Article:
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California Governor Gavin Newsom (Photo Credit: Office of the Governor of California)

SACRAMENTO – Advancing California’s commitment to bridge the digital divide, Governor Gavin Newsom announced that the state has identified 18 projects to begin work on an open-access middle-mile network that will provide missing infrastructure paths to bring broadband to all communities.

As part of the historic $6 billion broadband investment advanced in partnership with legislative leaders earlier this year, the initial project locations are based on known unserved and underserved areas across the state. The projects will connect to the core of the global internet and interconnect to last-mile infrastructure, which is the final leg that provides internet service to a customer.

“California is committed to taking on the challenges laid bare by the pandemic, including the digital divide holding back too many communities across the state,” said Newsom. “These projects are the first step to delivering on our historic investment that will ensure all Californians have access to high-quality broadband internet, while also creating new jobs to support our nation-leading economic recovery.”

The initial 18 projects represent a range of geographic locations and technical approaches. Projects are being initiated in the following tribal communities, counties and cities: Alpine County; Amador County; Calaveras County; Central Coast; Coachella Valley; Colusa Area; Inyo County; Kern County; Kern/San Luis Obispo Area; Lake County Area; Los Angeles and South Los Angeles; Oakland; Orange County; Plumas Area; Riverside/San Diego Area; San Bernardino County; Siskiyou Area; and West Fresno.

Evaluation of project areas included consideration of public comments, prioritization of unserved or underserved areas of the state, and inclusion of tribal communities, cities and counties. An unserved or underserved area has households that do not reliably have download speeds of at least 25 Megabits per second (Mbps) and upload of at least 3 Mbps.

“Core to our success will be the deep partnerships we’ve built with a diverse set of community organizations and last mile providers. Through many years of engagement with metropolitan planning organizations, CPUC-supported broadband consortia, Tribal organizations, community-based broadband advocacy groups, and organizations like the Rural County Representatives of California, the NAACP, and the California Emerging Technology Fund, we are now ready to take this historic step towards broadband equity for California,” said Louis Fox, Founder and Chair of GoldenStateNet, the state’s third-party administrator.

State partners implementing the middle-mile initiative include the California Department of Technology, California Public Utilities Commission (CPUC) and Caltrans. GoldenStateNet was selected as the Third-Party Administrator (TPA) to manage the development, acquisition, construction, maintenance and operation of the statewide open-access middle-mile broadband network. As the TPA, GoldenStateNet will partner with key stakeholder groups across the state to investigate the best technical, financial and operational models to meet the needs of the project sites.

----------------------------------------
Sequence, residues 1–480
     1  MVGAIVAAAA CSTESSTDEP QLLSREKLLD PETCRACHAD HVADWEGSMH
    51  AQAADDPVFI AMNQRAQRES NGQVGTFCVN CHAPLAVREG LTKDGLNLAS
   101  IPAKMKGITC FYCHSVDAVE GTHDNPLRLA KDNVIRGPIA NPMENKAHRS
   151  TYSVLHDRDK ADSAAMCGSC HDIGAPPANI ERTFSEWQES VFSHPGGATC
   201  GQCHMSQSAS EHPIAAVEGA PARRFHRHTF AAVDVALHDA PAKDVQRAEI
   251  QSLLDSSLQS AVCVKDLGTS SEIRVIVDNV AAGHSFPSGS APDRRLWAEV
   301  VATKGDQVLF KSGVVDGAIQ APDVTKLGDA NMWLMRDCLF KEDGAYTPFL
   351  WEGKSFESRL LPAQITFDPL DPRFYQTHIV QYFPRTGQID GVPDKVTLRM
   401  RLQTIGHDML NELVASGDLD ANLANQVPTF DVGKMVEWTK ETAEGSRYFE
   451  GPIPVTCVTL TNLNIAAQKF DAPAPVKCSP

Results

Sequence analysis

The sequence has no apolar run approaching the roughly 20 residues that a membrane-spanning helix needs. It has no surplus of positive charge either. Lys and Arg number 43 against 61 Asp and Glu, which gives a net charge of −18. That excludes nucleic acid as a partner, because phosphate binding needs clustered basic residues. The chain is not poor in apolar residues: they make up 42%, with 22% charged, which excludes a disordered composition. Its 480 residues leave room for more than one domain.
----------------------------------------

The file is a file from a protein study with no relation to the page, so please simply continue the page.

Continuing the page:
A map and additional information on the initial projects can be found here.

“A reliable broadband connection makes the difference between having access to full-service health care, education and employment or sometimes going without,” said State Chief Information Officer Amy Tong. “Through a historic partnership between our Governor, the Legislature, state agencies and a third-party administrator, we are taking immediate action to improve connectivity for Californians in the northern, central and southern parts of the state.”

“These initial routes have been identified to accelerate projects in areas of the state that are unserved because of the lack of open middle mile infrastructure to serve them. We are accelerating the selection of a diverse set of routes — those that are ready to build and those that are not ready to build.  This allows the state to partner with locals on these diverse projects and learn by doing, as we concurrently work to finalize all the needed routes in the State. There are many more communities like those in Phase I that will be included in the final map,” said Martha Guzman Aceves, Commissioner at the CPUC.

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California

Names of Trans dead projected onto Netflix HQ

2021 was the deadliest year of violence against LGBTQ+ people since records began- greatest harm to Black Trans women, migrants & sex workers

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Activists projects names of trans dead on Netflix HQ (Photo by Alan Marling)

LOS GATOS – On the Trans Day of Remembrance, the names of trans people who died this year were projected onto Netflix’s Silicon Valley headquarters.

The words of light were visible from Winchester Boulevard, over the archway entrance to the headquarters. Earlier this year, Netflix was criticized for spreading transphobia as well as for firing a trans, Black, pregnant employee for organizing a walkout.